NEW YORK, SEPT. 22 -- Rep. Mario Biaggi (D-N.Y.) was convicted today of obstruction of justice and two related charges but acquitted of more serious counts of bribery and conspiracy involving his efforts to help an ailing Brooklyn ship-repair company.

Biaggi, 69, accused of accepting two free Florida vacations from former Brooklyn Democratic leader Meade H. Esposito, was found guilty by a U.S. District Court jury in Brooklyn of accepting an illegal gratuity and of illegal interstate travel.

Esposito, 80, also was convicted on the gratuity and travel counts but acquitted of the more serious charges.

The split verdicts, returned on the third day of deliberations, was a setback for the Justice Department's Organized Crime Strike Force in Brooklyn. It had charged that Esposito used the free vacations to purchase Biaggi's political influence on behalf of Coastal Dry Dock and Repair Co., a major Esposito client.

Biaggi, a 10-term House member and former New York City policeman, appeared disappointed. "I was acquitted of bribery . . . . The jury convicted me of tipping," he said. "I'm not a waiter, I'm a congressman, and I will continue to be a congressman . . . . This is just part of the fight."

Biaggi faces another trial on charges that he engaged in extortion, racketeering, fraud and perjury in assisting Wedtech Corp., a small Bronx defense contractor.

Esposito said he feels "very vindicated . . . . I have proven to the world that my integrity and my honor are still great."

Prosecutor Edward McDonald called the verdict "fair and just," saying, "Both men have been corrupt public figures for some period of time, and the citizens of New York will be well served by their removal from public life."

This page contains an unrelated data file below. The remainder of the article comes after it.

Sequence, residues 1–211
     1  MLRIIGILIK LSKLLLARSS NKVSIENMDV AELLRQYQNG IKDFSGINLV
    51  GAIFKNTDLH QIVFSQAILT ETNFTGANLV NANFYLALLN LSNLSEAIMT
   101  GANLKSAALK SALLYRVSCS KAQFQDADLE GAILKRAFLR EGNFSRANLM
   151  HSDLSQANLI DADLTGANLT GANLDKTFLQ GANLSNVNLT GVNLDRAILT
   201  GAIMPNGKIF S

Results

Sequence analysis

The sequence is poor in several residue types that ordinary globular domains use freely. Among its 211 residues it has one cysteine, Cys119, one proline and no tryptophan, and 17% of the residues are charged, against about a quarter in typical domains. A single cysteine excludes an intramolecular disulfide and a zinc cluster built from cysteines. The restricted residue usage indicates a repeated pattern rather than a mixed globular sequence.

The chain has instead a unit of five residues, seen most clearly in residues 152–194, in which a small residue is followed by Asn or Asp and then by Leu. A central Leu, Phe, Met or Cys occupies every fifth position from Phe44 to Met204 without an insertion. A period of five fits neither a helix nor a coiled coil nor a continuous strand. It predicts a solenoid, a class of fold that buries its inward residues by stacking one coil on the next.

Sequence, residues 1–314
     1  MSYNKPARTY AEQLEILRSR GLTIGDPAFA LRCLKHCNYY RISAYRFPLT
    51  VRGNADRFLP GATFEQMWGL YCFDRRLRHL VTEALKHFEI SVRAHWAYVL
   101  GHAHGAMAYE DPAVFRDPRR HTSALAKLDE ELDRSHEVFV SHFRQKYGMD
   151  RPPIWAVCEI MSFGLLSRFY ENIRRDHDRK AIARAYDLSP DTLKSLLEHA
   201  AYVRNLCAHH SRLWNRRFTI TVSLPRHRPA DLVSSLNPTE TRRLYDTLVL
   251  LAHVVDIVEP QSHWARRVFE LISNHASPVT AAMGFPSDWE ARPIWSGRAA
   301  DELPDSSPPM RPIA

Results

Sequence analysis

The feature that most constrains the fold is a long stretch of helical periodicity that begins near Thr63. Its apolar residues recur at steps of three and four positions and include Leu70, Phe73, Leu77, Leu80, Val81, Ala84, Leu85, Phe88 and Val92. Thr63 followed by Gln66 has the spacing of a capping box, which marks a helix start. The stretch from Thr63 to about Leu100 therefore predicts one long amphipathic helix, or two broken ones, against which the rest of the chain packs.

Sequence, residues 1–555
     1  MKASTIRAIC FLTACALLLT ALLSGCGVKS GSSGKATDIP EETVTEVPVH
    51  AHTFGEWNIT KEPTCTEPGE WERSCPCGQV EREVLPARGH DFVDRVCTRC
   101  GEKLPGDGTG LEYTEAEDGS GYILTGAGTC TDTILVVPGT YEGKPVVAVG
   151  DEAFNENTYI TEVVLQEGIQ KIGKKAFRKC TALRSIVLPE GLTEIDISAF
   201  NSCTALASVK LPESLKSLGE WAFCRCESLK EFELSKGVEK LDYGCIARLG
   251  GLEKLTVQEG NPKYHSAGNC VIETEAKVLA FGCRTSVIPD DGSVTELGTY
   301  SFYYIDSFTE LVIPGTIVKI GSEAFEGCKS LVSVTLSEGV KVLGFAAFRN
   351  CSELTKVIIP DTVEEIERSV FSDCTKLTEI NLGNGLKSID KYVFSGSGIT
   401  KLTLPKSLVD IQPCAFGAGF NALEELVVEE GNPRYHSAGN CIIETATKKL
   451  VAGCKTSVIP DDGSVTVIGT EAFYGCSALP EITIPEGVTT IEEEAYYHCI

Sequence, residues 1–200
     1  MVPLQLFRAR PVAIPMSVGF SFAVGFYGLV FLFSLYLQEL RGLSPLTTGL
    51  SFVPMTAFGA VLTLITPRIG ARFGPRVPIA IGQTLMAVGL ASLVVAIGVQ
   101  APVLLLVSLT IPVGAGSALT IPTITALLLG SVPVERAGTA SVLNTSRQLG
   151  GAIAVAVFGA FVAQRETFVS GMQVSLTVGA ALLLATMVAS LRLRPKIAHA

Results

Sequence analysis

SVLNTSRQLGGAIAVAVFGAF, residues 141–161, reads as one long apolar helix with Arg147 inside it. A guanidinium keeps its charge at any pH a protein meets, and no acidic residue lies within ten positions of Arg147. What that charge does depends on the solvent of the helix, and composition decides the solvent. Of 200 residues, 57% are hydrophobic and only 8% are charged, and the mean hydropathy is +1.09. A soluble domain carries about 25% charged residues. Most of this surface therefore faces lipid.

While the two faced a maximum of 15 years in prison if convicted on the bribery charge, the gratuity charge carries a maximum term of two years. Biaggi faces an additional five years in prison on the obstruction charge. The travel charge involves crossing or causing someone to cross state lines to carry out an illegal scheme.

U.S. District Court Judge Jack B. Weinstein set sentencing Oct. 20.

The jury apparently was persuaded by Biaggi's attorney, Barry Slotnick, who said it was absurd to believe that the congressman, whose net worth is $2 million, would risk his career for two free vacations.

Noting that Biaggi could have traveled virtually anywhere at congressional expense, Slotnick, who also represented subway gunman Bernard H. Goetz, said: "He didn't need Meade Esposito to provide a spa vacation. He could have gone to Hawaii."

On Monday, the jury asked Weinstein to explain the difference between the bribery and gratuity charges. The judge said that, to support a bribery conviction, the jury must find that Esposito gave Biaggi something of value in return for influence on an official act, while a gratuity charge need not involve a specific "quid pro quo."

The obstruction charge against Biaggi stems from a 1986 wiretapped conversation with Esposito after the Federal Bureau of Investigation had questioned both. Esposito said the vacation trip was "not a gift . . . . It's, uh, it's a, uh, manifestation of my love for you."

Biaggi replied, "You didn't give it to me because I'm a member of Congress."

Other FBI wiretaps provided a glimpse into the way politicians do business in New York. In a 1985 conversation, Esposito told a business partner that he had twice paid for Biaggi's Florida trips and that the $10,200 cost was "good money invested." On another tape, Esposito boasted that he had been "the boss of the {expletive} state."

Biaggi has acknowledged urging New York City officials to cut utility rates for Coastal Dry Dock and lobbying members of Congress and Navy and Coast Guard officials in an effort to win military contracts for the firm. He said he would have done this for any constituent.

Coastal, which has filed for bankruptcy protection, owed Esposito's Manhattan insurance firm $600,000.

Biaggi told New York Newsday on Monday that he had tried to shield his ailing wife, Marie, from news of the trial but that she recently learned of it and "is not talking to me." Biaggi visited the Florida spa with former model Barbara Barlow, 45, who testified at the trial.

Biaggi is the 12th member of Congress convicted of criminal charges in the last decade.